win(t,k)=Pr(x(t+k), x(t), k)**n (13) ##EQU8## where `**n` denotes the nth power. In this manner neighboring symbols which have been observed to co-occurr frequently with x(t) at a specific frame offset k, will receive a strong weighting. Once a custom converse probability function is calculated for each input symbol, these converse functions may be directly remapped back to standard probability distributions. The sequence of standard probability distributions or states thus obtained can then be employed as a recognition model for subsequent recognition of the utterance word. Despite being based on a single utterance, it has been found that a model generated in accordance with the method of the present invention is relatively tolerant of the variations which occur in different utterances of the same expression but is yet reasonably reliable in recognizing the expression. This desired robustness is believed to flow from the utilization of contextual information which can be derived from the single utterance when considered in conjunction with the vocabulary database which allows for the precalculation of probability distributions and converse probability functions as described hereinbefore. Since the probability distributions and converse probability functions are precalculated during initial training and setup of the speech recognition system, a relatively modest amount of computation is required during the creation of a model based on a single utterance. Accordingly, this procedure or method can be utilized during the performing of a user's application program, e.g. the filling in of a structured report form using the speech recognition system. The operation of the method of the present invention in conjunction with a large vocabulary speech recognition system may be summarized with reference to FIG. 2. During initial setup and training of the system, a vocbulary database is created by having representative persons or the user speak multiple examples of each word to be included in the standard vocabulary. This is indicated at block 103. Using the vocabulary database, a set of standard symbols are generated which can represent arbitrary user input with a desired degree of accuracy. Standard probability distributions are also statistically calculated as are converse functions which represent the likelihood that a particular probability distribution would correspond to a given acoustic symbol. Using the standard probability distributions and the standard symbols, the vocabulary database is further utilized to generate a model for each word to be included in the recognition vocabulary. This is indicated at block 105. At this point, the system is sufficiently trained up so that the user can initiate an application program or task such as the filling in of a structured report form using voice input as indicated at block 107. At some point in the user task, the user may recognize that he will need to repeatedly input a word which is not within the standard vocabulary. By initiating the operation of a program algorithm which performs the method of the present invention, the user can speak a single utterance of that word and the program can use that limited information, together with the precalculated probability distributions and converse functions, to generate a new model which can be used to reliably recognize the new word or utterance. As indicated in block 109, the new utterance is converted to a sequence of standard symbols. For each symbol in the utterance sequence, a respective precalculated converse probability function is selected as indicated in block 111. A custom or non-standard converse probability function is then generated for succesive symbols in the utterance sequence by combining weighted contributions from the converse function corresponding to the respective symbol and the respective converse functions corresponding to time adjacent symbols in the utterance sequence. This combining function is indicated in block 113. The custom converse functions are then employed to remap and identify corresponding probability distributions as indicated in block 115. The sequence of probability distributions thereby generated may then be employed as a model of the new utterance for its subsequent recognition in the user task program. In other words, the newly obtained model can be added to the vocabulary as indicated at block 117 and the user can return to his principal task or application. While the method or algorithm of the present invention is highly advantageous in its ability to create a robust model from a single utterance, the method can in fact be extended to utilize multiple exemplars to advantage while retaining the advantage of the relatively simple and speedy introduction of a new word into the vocabulary and retaining also the use of contextual information in generating the model. In a typical application, the algorithm would be used to create the initial model for a new word from the first utterance of the word. After subsequent instances of that same new word are stored, the reference model for that word could be recomputed with more reliable data. Say `n` utterances are available: ##EQU9## where Tn is the duration in frames of the nth one. First, the most representative item would be selected, by identifying the one with the best fit to all the others using a standard Viterbi alignment and the input symbol co-occurrence probabilities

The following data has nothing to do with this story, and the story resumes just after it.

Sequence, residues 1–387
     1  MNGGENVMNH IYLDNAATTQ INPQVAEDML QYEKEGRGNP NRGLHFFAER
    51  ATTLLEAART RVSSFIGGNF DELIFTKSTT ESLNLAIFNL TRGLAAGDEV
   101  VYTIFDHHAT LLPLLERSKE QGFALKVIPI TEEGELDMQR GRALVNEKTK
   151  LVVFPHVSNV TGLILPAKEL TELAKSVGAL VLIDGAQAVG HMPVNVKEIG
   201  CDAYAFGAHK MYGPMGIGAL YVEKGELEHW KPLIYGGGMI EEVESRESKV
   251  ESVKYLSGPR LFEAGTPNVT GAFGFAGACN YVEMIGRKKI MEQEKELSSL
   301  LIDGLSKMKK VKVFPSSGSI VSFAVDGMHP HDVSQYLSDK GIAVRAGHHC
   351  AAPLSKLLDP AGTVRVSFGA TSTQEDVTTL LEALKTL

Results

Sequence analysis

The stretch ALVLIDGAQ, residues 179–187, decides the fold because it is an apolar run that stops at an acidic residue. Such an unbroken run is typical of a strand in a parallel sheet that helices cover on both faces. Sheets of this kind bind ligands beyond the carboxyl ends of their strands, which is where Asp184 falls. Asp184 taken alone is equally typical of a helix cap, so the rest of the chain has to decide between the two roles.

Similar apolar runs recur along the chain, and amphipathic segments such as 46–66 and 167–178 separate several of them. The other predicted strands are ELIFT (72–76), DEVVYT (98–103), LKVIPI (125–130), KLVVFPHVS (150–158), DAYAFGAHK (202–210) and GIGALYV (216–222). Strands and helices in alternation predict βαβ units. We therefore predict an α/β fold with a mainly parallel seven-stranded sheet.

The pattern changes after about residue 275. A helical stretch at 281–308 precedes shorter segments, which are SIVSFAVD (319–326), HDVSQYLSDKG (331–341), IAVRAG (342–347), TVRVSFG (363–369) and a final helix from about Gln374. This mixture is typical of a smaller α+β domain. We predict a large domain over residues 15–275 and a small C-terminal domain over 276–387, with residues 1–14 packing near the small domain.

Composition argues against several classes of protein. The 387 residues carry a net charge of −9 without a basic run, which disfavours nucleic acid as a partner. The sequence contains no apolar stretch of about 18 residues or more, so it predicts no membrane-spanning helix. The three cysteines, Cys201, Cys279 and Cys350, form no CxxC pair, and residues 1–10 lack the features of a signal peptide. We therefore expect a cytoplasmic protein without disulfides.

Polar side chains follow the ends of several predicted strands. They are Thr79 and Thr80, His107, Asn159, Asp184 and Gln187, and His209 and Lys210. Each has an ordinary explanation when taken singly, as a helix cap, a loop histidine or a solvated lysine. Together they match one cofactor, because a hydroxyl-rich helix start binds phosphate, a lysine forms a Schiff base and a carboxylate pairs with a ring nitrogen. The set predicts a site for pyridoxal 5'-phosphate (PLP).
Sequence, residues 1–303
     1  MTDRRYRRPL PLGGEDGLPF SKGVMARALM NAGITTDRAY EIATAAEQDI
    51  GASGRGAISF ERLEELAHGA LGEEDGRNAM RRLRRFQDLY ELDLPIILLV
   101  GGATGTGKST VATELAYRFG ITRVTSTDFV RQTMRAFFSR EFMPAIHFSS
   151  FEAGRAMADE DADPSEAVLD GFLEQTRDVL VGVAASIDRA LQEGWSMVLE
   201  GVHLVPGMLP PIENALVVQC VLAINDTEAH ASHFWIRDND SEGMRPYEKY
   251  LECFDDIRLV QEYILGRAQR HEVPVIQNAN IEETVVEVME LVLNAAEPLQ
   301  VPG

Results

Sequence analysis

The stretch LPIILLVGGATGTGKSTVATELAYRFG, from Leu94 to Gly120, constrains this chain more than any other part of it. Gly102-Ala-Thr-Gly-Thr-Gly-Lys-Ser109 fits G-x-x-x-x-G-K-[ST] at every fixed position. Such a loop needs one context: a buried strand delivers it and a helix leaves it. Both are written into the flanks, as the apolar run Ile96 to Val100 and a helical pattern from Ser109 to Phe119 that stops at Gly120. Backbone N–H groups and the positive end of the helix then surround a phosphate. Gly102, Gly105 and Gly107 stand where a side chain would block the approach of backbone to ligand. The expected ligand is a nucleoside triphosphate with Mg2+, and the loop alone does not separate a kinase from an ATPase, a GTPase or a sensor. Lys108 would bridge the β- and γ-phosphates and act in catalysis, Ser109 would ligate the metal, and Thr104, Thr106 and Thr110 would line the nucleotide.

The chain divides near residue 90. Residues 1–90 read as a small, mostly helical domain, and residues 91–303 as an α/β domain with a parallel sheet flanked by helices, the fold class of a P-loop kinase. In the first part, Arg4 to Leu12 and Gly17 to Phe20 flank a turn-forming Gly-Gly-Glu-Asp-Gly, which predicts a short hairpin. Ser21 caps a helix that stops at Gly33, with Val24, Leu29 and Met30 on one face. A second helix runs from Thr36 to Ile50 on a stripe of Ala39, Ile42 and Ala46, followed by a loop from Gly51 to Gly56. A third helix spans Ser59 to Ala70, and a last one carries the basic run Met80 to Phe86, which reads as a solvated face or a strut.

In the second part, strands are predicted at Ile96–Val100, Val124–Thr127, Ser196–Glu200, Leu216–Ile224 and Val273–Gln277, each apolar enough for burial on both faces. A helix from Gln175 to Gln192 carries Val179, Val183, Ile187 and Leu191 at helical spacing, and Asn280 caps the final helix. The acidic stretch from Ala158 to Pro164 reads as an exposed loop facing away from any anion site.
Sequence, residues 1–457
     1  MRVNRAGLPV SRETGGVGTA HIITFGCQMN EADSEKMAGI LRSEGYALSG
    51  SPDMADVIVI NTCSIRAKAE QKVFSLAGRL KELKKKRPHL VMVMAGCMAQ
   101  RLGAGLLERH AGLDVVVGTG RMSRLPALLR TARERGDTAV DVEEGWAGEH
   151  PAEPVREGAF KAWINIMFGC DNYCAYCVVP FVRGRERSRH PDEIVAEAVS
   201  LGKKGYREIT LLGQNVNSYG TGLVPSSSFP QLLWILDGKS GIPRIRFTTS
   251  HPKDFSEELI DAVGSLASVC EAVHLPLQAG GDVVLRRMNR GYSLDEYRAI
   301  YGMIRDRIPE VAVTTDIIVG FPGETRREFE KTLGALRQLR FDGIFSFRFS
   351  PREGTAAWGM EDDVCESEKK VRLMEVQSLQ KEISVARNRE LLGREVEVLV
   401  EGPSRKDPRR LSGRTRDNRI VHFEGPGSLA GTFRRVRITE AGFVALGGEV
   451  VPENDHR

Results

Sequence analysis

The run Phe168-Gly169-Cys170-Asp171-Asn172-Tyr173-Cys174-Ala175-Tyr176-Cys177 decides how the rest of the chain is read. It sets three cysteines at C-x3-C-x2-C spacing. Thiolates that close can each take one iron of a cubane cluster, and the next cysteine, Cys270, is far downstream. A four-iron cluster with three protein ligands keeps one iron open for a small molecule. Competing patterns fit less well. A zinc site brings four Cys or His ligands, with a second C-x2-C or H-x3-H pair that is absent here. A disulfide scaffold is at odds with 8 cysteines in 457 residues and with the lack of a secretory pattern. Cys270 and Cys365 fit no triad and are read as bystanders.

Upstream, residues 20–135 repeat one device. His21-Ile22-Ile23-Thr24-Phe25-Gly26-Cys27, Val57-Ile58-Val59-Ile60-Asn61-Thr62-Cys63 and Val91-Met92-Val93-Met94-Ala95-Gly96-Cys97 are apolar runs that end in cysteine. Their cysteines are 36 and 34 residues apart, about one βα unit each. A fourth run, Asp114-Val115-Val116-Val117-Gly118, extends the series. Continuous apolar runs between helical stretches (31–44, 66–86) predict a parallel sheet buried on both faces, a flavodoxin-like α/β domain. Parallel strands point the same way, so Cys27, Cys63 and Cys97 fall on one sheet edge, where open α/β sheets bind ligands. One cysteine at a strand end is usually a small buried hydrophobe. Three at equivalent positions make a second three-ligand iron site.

(Pr(a as a similarity measure. Say that the best item is the jth one:
(xj(1) , xj(2), . . . xj(Tj)) (17) Next, the individual utterances would be aligned with the most representative, resulting in Tj sets of aligned input symbols. E.g.: ##EQU10## This can be written as
(X(1), X(2), . . . X(Tj)) (19) The remapping equation (11) would be modified to make use of the aligned input symbol groups in (19) rather than a single input symbol: ##EQU11## if the member symbols of the set X(t+k) are (a1, a2, . . . am) then equation 27 can be written as ##EQU12## The resulting reference model would be Tj states long. This process is illustrated diagrammatically in FIG. 4 which is analogous to FIG. 3. In view of the foregoing it may be seen that several objects of the present invention are achieved and other advantageous results have been attained. As various changes could be made in the above constructions without departing from the scope of the invention, it should be understood that all matter contained in the above description or shown in the accompanying drawings shall be interpreted as illustrative and not in a limiting sense. Patent Citations